Rep. Latham added that, “The EPA also reported that the ruling would cost each affected animal operation around $900 to implement, but equipment costs to measure methane would be closer to $15,000 per facility. Additionally, livestock operations also would have to pay personnel to operate and maintain the equipment.

“Farmers have a duty to protect the environment. After all, their livelihood depends on a healthy ecosystem. But this regulation does nothing to impact the environment or improve manure management procedures. It contains no mechanism or incentive to encourage farmers to adopt environmentally friendly agricultural practices. This is regulation for its own sake, and it will drive up the cost of doing business in one of the most important sectors of our economy.”

Food Security

Bloomberg writer Rudy Ruitenberg reported yesterday that, “Africa’s savannah zone is a ‘sleeping giant’ better placed than similar regions in Brazil and Thailand for rapid growth in farming, the United Nations’ Food and Agriculture Organization said.

“The savannah running from Senegal to South Africa holds the potential to turn several African countries into global players in bulk commodities, based on a comparison with northeast Thailand and Brazil’s Cerrado region, the FAO said in a statement today, citing a study published with the World Bank.”

Ag Sector Issues: Livestock- Egg Production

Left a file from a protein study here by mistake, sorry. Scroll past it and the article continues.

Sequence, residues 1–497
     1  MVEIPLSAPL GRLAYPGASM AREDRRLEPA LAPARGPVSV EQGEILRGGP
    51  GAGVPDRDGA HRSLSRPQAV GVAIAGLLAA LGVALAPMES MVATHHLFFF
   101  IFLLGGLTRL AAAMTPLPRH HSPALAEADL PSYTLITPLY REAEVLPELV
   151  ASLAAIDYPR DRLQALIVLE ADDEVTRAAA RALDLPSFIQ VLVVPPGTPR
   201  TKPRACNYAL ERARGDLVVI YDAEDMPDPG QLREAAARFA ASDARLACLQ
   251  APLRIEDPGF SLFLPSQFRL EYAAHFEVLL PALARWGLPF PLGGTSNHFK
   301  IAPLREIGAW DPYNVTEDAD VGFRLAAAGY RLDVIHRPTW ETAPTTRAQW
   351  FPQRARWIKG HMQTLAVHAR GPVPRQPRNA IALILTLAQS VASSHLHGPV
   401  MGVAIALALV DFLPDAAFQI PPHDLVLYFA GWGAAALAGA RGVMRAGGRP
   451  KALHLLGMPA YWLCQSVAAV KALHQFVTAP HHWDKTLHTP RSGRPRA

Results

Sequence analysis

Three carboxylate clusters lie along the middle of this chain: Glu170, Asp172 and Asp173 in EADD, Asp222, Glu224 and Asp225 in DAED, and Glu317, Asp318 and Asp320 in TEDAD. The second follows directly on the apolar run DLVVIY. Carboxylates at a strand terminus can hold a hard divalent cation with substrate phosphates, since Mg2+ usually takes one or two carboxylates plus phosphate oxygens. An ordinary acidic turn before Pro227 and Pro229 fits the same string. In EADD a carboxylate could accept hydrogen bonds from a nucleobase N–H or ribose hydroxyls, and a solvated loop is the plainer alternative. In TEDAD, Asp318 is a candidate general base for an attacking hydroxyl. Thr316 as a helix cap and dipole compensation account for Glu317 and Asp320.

The AP reported yesterday that, “Ohio should have a board to set guidelines for the care of livestock, Gov. Ted Strickland said Monday, adding to the debate between farm interests and the nation’s biggest animal welfare organization.

“The head of the Washington, D.C.-based Humane Society of the United States said such a board would give farmers too much leeway and wouldn’t guarantee a ban of crates that are used to confine breeding sows or cages that are too small for laying hens.

“‘It provokes us to do a ballot initiative,’ said society president Wayne Pacelle, who has guided successful initiatives and legislation in several states. ‘It almost forces our hand to seek a measure for November 2010 on confinement practices.’”

The AP article indicated that, “Pacelle has said that Illinois, Massachusetts and Washington also are in the group’s sights.

“The constitutional amendment backed by Strickland, who didn’t cite any current standards for the care of farm animals, would create a 13-member Ohio Livestock Care Standards Board. If approved by the Legislature, which will take it up Wednesday, the plan would go before voters this year.

“‘The board,’ Strickland said in a statement, ‘will ensure that Ohioans continue to have access to a safe and affordable local food supply and will make our state a national leader in the level of animal care and responsibility.’”

Ag Sector Issues- Dairy

A news release issued yesterday by the National Farmers Union stated that, “The National Farmers Union Board of Directors late last week voted to encourage Congress to pass a dairy stimulus package as an immediate financial lifeline for America’s dairy producers. The board expressed support for the concept of the Federal Milk Marketing Improvement Act of 2009, providing an adequate economic safety net and establishing an inventory management program.

In a letter to Senate Agriculture Committee Chairman Tom Harkin, D-Iowa, and Ranking Member Saxby Chambliss, R-Ga., and House Agriculture Committee Chairman Collin Peterson, D-Minn., and Ranking Member Frank Lucas, R-Okla., NFU President Roger Johnson said dairy operations of all sizes and across all regions of the country are facing an unprecedented economic disaster.”

Keith Good